During my â€śI donâ€™t need no stinkinâ€™ spreadsâ€ť phase, I threw cards down in a long line or in several shorter lines in rows. I looked at the cards and often had no idea of how to start interpreting the reading. If any of you do practice this and can either explain or point me in the right direction, Iâ€™d appreciate it. I still want to try, but for now, I get too locked up to make any progress.
But there is something about a spread with few positional meanings or just general guidelines for interpreting that I have been enjoying lately. For most of my reading career, Iâ€™ve spent most of my time on the many possible meanings of a card. Going very deeply into a card is an amazing journey and leads to many insights. However, lately Iâ€™ve been focusing differently. Rather than taking one card and squeezing as much meaning out of it as possible, I like to look at the cards in relation to each other and let those relationships shape the interpretation. My reading experiments have been recently influenced by two blog: Tarot Elements and Tarot Eon.
That may sound very much like using Elemental Dignities. I cannot in good faith say that I use Elemental Dignities in any pure sense. The full-blown practice is a bit convolutedâ€”or can get a bit convolutedâ€”for me. Yes, I am a lazy reader. However, I do look at the elements present, as well as numbers, court cards, repeating symbols, patterns, or colors.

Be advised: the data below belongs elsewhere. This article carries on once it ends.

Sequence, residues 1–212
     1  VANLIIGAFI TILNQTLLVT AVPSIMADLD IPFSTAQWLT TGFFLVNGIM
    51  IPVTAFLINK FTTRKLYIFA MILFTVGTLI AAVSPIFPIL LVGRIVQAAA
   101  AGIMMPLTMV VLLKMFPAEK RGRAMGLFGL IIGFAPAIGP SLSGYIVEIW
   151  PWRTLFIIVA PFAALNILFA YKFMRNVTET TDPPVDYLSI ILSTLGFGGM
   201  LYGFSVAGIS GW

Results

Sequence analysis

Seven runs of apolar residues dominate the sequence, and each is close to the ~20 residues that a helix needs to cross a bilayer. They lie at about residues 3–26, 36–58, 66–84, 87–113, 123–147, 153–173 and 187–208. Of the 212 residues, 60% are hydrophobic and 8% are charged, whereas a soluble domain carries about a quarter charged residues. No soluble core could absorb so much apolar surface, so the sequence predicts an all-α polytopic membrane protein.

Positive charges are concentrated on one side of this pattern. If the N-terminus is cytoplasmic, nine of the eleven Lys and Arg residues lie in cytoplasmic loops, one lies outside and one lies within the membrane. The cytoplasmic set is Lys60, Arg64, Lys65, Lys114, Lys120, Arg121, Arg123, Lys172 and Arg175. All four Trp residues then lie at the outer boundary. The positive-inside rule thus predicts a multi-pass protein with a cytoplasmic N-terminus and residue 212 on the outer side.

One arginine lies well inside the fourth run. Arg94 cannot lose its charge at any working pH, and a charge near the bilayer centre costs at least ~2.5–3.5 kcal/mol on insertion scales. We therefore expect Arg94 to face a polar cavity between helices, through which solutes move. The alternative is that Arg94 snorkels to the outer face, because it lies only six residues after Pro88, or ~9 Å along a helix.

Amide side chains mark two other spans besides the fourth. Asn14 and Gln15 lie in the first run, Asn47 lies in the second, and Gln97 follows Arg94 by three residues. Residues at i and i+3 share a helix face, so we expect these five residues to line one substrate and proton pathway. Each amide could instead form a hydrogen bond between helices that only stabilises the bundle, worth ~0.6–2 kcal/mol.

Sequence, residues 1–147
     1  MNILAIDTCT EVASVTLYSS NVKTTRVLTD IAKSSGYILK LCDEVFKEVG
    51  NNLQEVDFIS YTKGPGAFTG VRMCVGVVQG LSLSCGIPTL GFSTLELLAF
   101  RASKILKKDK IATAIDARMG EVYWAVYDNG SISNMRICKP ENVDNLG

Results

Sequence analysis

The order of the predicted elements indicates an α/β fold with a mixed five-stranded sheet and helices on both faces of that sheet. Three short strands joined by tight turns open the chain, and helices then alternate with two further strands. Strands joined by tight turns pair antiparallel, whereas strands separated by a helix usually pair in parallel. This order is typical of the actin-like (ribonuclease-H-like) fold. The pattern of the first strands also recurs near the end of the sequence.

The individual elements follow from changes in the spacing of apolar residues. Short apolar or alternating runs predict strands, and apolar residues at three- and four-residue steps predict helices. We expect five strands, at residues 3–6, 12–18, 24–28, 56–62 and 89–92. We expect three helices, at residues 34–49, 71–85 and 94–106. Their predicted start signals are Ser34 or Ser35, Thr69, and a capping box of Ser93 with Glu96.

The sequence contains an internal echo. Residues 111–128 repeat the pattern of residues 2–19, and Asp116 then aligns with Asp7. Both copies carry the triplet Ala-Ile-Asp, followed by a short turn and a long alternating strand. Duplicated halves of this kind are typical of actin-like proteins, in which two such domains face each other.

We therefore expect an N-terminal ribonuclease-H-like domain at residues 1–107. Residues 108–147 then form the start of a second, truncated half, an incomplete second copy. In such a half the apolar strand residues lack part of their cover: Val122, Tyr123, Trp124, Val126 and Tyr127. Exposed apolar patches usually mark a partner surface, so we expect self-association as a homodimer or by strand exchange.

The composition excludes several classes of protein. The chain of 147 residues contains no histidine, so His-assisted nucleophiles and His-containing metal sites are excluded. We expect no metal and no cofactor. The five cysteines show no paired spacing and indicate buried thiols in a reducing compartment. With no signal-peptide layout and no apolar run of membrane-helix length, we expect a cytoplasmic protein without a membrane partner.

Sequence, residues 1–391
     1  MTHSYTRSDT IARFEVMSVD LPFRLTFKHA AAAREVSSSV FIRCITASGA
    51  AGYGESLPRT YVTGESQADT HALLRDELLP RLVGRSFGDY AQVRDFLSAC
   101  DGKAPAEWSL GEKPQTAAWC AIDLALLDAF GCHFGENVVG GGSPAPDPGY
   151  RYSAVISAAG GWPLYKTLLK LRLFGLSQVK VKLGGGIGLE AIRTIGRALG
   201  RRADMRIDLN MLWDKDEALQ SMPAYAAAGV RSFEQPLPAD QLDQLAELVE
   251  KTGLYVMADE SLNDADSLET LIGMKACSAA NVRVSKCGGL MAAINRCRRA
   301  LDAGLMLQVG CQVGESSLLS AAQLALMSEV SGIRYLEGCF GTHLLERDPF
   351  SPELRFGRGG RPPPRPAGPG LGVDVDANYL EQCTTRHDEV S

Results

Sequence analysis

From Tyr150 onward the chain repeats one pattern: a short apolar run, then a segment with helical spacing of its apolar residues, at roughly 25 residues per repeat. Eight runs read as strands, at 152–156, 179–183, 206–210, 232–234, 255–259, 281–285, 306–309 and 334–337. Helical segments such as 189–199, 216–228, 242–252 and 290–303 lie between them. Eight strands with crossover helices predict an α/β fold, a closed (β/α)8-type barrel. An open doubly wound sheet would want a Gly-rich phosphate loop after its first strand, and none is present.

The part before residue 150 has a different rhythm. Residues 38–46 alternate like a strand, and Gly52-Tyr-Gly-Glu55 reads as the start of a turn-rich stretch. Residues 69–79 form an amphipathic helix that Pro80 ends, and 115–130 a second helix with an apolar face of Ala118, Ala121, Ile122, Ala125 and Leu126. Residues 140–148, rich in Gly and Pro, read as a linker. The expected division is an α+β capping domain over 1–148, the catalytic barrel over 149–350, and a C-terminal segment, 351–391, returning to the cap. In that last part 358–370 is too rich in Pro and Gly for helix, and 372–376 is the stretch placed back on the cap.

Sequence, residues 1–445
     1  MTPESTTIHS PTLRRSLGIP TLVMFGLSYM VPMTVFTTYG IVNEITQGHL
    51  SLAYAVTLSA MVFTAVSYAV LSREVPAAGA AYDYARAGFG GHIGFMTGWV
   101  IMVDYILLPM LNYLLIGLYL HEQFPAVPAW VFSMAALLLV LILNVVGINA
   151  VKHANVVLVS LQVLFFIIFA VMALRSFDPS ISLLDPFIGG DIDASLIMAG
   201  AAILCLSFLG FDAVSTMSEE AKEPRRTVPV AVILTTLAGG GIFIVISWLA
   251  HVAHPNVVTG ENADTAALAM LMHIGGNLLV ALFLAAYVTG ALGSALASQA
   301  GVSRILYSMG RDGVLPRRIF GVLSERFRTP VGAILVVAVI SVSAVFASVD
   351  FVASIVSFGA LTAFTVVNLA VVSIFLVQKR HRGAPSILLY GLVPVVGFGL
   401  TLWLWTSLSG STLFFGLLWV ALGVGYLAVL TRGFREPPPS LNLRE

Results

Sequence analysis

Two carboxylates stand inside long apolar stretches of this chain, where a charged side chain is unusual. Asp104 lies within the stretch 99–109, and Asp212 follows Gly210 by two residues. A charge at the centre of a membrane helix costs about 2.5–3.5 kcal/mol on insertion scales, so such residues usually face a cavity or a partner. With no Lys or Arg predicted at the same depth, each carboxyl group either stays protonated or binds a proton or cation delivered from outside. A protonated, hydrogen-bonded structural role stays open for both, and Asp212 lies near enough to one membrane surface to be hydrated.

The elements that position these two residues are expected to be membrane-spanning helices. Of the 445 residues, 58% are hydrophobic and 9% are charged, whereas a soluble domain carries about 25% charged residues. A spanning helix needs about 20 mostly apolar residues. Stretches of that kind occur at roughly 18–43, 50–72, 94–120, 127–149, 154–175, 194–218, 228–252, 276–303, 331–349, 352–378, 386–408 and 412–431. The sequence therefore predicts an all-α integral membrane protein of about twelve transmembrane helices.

When I want to focus on the relationships between the cards I find positional meanings distracting. So, Iâ€™ve been drawn to spreads without positional meanings but with some structure. There are two that Iâ€™ve been playing with a lot. One is the Tarot Elements Signature Spread by Catherine Chapman and can be found here.
The other is one I recently made up and it has no name. Okay, in my head I call it my Magic Square spread. But donâ€™t tell anyone, okay? It looks like this:
It doesnâ€™t matter which order the ones around the edge are laid out, but I always lay the middle one last. I read the last card (in the center) as the person who is the subject of the question. Then all the cards around the center card represent the situation and energy that they are â€śin the middle of.â€ť Sometimes the columns seem to form a kind of past-present-future pattern, as in a three-card spread. But more often, a story emerges organically.
Thatâ€™s enough babbling from me for today. Tell me what you think about specific spread positions, no positions, or kind-of-sort-of positions.